Monday, April 5, 2010
The trade sounded too good to be true.
The mega-rich Chinese government, ensuring the success of a few small gold and silver stocks?
Almost everyone likes a good "China story," and almost everyone likes a good "gold mining story." Put the two together and you've got a heck of a story.
This story was all my colleague Matt Badiali, editor of the commodity-focused S&A Resource Report, could talk about for several weeks last year. He encouraged anyone who would listen to buy several mining stocks operating in China and favored by the Chinese government.
The results of Matt's research have been extraordinary. One of his top picks, Jinshan Gold Mines, is up more than 450% from his original recommendation in July...
I'm telling not telling you to gloat about my firm's stock picks, however. You see, with the stock market up 76% from its March 2009 low, and with many stocks like Jinshan up hundreds of percent, it's tempting to forget about a crucial component to winning in the stock market.
It's tempting to forget about how you'll sell a winning stock.
After all, most people can't help but get attached to a stock that has performed so well. They feel like they'd be selling off the family dog.
You can't take that approach to trading stocks. You can't treat stocks like loyal pets. You can't fall in love with a stock. No stock will ever love you back.
It's precisely when a speculative position is treating you well that you must start planning on getting rid of it. When a speculative position is up 200% or 300%, you must remember your exit plan... or even alter it.
When Matt recommended Jinshan, he placed a protective 50% stop loss on the position. Fifty percent is a wide stop loss... one typically only used on volatile mining or biotech stocks. It's a smart stop to use when you initiate a position in a speculative stock... It gives your trade plenty of "rope" to work in your favor.
But consider someone who bought $10,000 worth of Jinshan on Matt's original recommendation...
This trader's stake is now worth $55,327. He's sitting on more than $40,000 in profit. Keeping that original 50% stop loss on the position is keeping a big chunk of money at risk.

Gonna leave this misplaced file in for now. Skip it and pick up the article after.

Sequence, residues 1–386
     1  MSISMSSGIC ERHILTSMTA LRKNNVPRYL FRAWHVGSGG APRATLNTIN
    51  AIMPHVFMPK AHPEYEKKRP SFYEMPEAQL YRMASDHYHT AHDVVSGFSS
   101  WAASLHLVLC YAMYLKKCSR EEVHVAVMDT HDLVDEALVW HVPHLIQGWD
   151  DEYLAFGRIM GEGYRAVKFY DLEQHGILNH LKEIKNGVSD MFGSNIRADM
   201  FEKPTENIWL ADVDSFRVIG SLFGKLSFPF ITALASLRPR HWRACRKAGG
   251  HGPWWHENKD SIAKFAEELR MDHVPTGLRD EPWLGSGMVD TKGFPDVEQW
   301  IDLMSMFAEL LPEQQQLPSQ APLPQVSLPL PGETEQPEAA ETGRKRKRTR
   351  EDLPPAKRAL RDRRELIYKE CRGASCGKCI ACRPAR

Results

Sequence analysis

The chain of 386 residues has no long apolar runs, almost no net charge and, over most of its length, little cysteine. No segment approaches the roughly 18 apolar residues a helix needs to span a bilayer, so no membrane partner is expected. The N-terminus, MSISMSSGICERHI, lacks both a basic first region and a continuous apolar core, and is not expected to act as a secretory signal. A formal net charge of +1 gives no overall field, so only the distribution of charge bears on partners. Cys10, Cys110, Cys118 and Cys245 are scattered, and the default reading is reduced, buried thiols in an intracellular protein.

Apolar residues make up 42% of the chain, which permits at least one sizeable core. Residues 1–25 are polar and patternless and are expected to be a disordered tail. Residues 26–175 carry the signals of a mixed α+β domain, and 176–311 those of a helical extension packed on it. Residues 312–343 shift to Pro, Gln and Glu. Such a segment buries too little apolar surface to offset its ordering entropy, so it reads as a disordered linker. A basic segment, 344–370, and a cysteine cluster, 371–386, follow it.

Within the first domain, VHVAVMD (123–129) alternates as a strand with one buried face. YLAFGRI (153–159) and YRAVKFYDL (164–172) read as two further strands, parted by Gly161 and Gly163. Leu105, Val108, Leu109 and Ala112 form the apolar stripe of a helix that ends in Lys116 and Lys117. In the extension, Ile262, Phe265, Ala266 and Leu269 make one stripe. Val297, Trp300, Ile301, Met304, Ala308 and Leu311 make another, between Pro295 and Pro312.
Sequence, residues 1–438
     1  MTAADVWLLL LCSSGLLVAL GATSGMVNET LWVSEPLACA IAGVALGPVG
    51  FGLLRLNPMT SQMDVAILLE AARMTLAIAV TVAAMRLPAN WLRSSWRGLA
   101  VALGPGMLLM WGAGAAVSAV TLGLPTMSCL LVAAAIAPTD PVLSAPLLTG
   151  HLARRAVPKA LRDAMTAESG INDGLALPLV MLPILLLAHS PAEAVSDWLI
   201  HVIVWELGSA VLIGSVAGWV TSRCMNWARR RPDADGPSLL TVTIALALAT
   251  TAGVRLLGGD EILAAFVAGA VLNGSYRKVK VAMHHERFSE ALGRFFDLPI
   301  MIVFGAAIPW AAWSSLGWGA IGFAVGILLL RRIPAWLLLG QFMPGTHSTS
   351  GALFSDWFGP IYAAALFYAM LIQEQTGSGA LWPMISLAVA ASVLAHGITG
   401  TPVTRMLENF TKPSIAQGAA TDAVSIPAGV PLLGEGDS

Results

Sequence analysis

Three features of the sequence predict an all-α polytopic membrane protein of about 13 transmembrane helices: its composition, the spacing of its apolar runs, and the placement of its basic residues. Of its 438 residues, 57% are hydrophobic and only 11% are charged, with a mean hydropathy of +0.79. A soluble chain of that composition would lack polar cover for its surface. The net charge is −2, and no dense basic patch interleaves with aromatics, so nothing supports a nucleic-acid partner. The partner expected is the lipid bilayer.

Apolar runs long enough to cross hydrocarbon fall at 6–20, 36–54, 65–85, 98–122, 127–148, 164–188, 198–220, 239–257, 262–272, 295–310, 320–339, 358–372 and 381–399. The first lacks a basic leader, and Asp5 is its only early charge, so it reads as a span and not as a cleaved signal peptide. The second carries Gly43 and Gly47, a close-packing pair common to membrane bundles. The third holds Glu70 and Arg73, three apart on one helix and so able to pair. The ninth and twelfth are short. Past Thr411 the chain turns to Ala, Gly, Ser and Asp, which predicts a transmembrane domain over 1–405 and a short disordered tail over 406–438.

If the stock market were to decline big, a 50% stop on this position would result in a sell order triggered when the position was worth $27,663. You'd be exiting the position with "only" $17,663 in profit.
But let's say you "tightened" your stop to 15%. This means you'd sell the position if it declined just 15% from its closing high, rather than 50%. Using a 15% stop, you'd exit the position when it fell to $47,027. This preserves a profit of $37,027 on the position. As you can see, this is an extraordinary difference.
Granted, tightening your stop to 15% will increase the chances of you getting stopped out of the position. But if you feel the position is fully valued... or if you're concerned about the likelihood of a substantial general market correction, it's worth considering. It can make for a large difference in profit.
If you have some extraordinary winners that you added to your portfolio last year, take a close look at their valuations. Has the big market run made them overvalued? Could they suffer a 30%... 40%... or even 50% decline if investors got spooked about the giant debt problems most Western governments face? If the answer is yes, consider tightening your trailing stops. As we've seen, the difference can be many thousands of dollars.
Health care giant Johnson & Johnson climbs to fresh highs... up 10% since November.
New highs for Canadian stocks... fund EWC up double digits in two months.
Big fast food gains... McDonald's and Yum Brands (KFC, Taco Bell) make new highs.